Saturday, June 30, 2007


Seventeen months after putting Houston’s first television station on the air and with the TV freeze guaranteeing him a monopoly on TV viewers for some time to come, hotelier W. Alfred Lee sold KLEE-TV to the Houston Post/KPRC. Executives at KPRC and the Post and the Hobby family had become interested in making an offer for the station and had been assessing its value. They were concerned that FCC policies favoring diversity in media ownership might mean that both the Post and Chronicle would be left without TV licenses when the freeze was lifted or forced to compete against each other for a permit; they calculated Lee was losing $30,000 a month on his TV operation, which they did not believe he could not sustain for long. Then they learned Lee was looking to sell.

Hilton Waldo Hearn, Jr., in his 1971 Master’s Thesis at the University of Texas, W. Alfred Lee, Pioneer of Houston Television, says Lee had become convinced that when the freeze was lifted, he would be left running an independent television station since the TV networks had made it clear they wanted their TV affiliates to go to the companies they had been doing business with as radio affiliates and Lee did not have a radio network affiliation. Lee had little broadcast experience to draw on and the station was still on the air only 4 or 5 hours a day and was running on a minimum staff.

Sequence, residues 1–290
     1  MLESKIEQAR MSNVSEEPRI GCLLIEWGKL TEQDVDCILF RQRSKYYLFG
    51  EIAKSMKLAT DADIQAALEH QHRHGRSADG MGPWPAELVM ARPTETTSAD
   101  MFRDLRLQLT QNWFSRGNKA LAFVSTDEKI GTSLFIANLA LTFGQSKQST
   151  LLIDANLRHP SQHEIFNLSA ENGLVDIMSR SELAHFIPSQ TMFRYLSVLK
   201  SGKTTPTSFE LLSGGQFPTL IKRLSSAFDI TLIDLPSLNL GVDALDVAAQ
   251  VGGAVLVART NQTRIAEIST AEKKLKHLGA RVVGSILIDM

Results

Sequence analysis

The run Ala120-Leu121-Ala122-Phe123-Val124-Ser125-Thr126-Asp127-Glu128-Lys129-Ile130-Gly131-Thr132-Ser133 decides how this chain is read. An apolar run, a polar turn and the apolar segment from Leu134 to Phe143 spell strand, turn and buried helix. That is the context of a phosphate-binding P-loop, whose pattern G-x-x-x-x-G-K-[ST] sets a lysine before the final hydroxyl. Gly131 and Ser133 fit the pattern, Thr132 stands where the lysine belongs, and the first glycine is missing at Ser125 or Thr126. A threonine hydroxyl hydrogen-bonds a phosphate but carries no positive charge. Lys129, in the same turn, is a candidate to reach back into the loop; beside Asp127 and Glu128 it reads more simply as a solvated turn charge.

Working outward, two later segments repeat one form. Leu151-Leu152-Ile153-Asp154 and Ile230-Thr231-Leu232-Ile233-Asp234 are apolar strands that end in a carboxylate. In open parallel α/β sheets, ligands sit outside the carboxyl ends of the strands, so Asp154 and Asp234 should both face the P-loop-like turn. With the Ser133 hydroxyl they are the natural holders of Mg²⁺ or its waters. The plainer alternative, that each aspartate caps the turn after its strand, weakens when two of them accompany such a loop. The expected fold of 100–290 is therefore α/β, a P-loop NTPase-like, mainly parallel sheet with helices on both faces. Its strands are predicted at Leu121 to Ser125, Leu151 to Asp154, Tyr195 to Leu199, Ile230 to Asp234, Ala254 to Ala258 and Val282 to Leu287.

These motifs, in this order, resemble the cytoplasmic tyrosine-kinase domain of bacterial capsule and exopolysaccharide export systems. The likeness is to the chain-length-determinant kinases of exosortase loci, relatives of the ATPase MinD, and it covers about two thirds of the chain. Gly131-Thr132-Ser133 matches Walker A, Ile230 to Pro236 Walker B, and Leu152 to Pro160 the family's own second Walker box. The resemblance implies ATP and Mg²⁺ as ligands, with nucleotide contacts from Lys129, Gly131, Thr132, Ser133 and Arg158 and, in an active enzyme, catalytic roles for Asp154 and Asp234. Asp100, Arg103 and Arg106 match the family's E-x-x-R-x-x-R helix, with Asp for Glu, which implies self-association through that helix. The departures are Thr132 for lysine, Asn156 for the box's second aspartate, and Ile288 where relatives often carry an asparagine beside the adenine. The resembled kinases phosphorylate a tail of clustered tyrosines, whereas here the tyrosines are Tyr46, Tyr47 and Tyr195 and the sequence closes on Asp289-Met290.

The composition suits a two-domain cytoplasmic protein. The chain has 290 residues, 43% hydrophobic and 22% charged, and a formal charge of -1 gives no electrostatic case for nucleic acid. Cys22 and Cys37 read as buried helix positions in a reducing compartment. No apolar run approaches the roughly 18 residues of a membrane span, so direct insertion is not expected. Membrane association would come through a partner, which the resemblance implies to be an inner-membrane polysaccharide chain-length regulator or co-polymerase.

The asking price was reportedly $743,000. The Hobby’s were cautioned that was too much to pay for a money losing operation in the unproven medium of television but they felt they had no choice if they wanted to get into television. A deal was reached and approval sought from the FCC in the spring of 1950.

The other applicants for TV permits in Houston were dismayed, to say the least. KPRC and the Post had effectively executed an end run around the TV freeze and left the other applicants in the lurch. As it developed, they would have another 3 years to build the KPRC-TV brand without competition in Houston.

According to Hearn, the keys were handed to the Hobbys at 10:30am on May 31st, the change of ownership was announced in the Post on June 1, 1950. A month later, on July 3, the call letters were changed to KPRC-TV.

Faced with a small audience (there were an estimated 26,000 TV sets in the Houston area at the time), Lee had been selling TV time for less than radio. The KPRC radio sales staff was charged with turning this situation around and 4 months later, according to Jack Harris, the station was showing a profit. In addition to the $743,000 asking price it had been estimated another $250,000 in losses might be incurred before the station showed a profit but that reserve was never tapped into. By the end of the year, it was estimated the number of tv sets in use in Houston had more than doubled and it reached 100,000 by late 1951. The station changed its primary affiliation from CBS to NBC but still carried programs from all 4 networks.